Cultural capital and the making of "blue blazer kids": An ethnography of a youth exchange program

Date of Award


Degree Type


Degree Name

Doctor of Philosophy (PhD)


Social Sciences


Mehrzad Boroujerdi


Cultural capital, Youth, Exchange program, Study abroad, Rotary International

Subject Categories

Sociology of Culture


This dissertation is a culmination of three years of participant observation of a Rotary International district in New England. The dissertation explores the ways in which a group of adults teaches teenagers about cultural difference. More specifically, this ethnographic project, which utilizes narrative, discourse, and content analyses, examines the complex pedagogical machinery used by this Rotary International district to recruit, interview, and "train" American high school students for study abroad. The theories that guided this work are The Sociology of Knowledge, Symbolic Interactionism, Critical Theory, and Cultural Studies. I first provide a summary of this Rotary district's youth exchange program, including its goals, strategies and its expectations of and requirements for students. Secondly, I explore the ways in which Rotarians talk about, or discursively construct youth as a social category. I juxtapose Rotarians' narratives surrounding teenagers with dominant discourses extant in the United States regarding American teens. I then examine the ways in which Rotarians talk about and represent travel, particularly educational travel and cultural immersion. Lastly, I discuss Rotary's discourses of culture--how Rotarians talked about culture, itself, and the ways in which they represented specific cultures to students and to one another.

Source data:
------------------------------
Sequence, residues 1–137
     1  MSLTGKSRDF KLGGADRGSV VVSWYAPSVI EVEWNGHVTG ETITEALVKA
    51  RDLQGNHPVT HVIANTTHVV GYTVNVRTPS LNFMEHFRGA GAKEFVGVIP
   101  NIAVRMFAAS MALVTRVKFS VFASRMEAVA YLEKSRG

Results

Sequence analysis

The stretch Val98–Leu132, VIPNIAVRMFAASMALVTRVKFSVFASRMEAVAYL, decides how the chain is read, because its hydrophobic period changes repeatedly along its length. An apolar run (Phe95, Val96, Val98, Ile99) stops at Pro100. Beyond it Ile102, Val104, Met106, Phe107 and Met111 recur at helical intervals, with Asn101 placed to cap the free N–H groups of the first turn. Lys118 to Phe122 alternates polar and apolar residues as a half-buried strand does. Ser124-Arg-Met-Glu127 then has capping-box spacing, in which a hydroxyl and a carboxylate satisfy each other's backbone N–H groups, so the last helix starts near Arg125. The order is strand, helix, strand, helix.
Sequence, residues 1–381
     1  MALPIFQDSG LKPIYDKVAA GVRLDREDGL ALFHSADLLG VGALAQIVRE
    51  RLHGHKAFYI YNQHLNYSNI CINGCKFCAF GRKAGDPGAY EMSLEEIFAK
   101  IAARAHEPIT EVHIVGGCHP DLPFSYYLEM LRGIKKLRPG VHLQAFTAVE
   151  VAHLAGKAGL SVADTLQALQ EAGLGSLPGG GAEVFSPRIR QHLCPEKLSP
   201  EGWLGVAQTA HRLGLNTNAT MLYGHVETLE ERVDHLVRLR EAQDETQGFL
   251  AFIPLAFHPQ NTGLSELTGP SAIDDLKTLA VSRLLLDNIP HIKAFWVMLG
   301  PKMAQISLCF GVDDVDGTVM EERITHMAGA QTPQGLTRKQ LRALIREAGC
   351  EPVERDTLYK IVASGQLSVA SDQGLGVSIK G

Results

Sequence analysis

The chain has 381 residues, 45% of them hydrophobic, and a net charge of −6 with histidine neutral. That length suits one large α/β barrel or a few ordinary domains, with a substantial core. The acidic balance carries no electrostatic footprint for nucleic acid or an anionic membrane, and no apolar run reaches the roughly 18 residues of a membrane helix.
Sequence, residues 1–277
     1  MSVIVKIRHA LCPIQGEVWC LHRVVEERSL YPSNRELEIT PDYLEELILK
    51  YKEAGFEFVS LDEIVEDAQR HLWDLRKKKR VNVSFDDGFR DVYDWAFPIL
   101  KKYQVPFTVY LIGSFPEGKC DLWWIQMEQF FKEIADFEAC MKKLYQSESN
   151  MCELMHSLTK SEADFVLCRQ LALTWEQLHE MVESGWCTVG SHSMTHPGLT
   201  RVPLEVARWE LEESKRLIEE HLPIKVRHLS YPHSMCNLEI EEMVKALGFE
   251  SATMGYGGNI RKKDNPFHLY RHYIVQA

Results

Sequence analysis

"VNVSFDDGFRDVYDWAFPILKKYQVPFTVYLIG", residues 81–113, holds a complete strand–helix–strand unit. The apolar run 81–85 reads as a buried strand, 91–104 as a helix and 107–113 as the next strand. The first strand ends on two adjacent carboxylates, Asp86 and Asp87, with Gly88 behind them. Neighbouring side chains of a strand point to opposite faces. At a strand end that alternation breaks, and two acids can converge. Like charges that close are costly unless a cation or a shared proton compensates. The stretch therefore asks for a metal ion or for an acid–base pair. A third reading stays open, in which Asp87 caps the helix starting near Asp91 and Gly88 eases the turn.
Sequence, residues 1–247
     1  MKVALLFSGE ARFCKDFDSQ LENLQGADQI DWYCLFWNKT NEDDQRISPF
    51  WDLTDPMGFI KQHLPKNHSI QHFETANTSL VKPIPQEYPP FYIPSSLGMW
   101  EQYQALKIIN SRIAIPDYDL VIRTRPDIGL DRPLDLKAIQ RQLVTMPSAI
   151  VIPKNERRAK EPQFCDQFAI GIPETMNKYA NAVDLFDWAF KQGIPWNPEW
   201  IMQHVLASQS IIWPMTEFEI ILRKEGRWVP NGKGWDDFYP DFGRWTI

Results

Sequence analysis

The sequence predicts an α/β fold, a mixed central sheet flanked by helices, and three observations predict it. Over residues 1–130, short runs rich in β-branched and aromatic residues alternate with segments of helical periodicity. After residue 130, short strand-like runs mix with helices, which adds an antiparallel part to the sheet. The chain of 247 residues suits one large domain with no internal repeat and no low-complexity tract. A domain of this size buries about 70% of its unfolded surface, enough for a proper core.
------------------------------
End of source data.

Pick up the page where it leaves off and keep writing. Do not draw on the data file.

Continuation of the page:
I assert that the Rotary Youth Exchange Program, by recruiting and sending middle class kids to live in upper-class environments, reinscribe race and class privilege. Rotary's program, for American kids in particular, is a form of cultural capital that exists to reproduce a global business class. I also posit that Rotary Youth Exchange students, however, have agency as they resist and transgress the specific boundaries of Rotary's program and negotiate issues of cultural adaptation and personal change.


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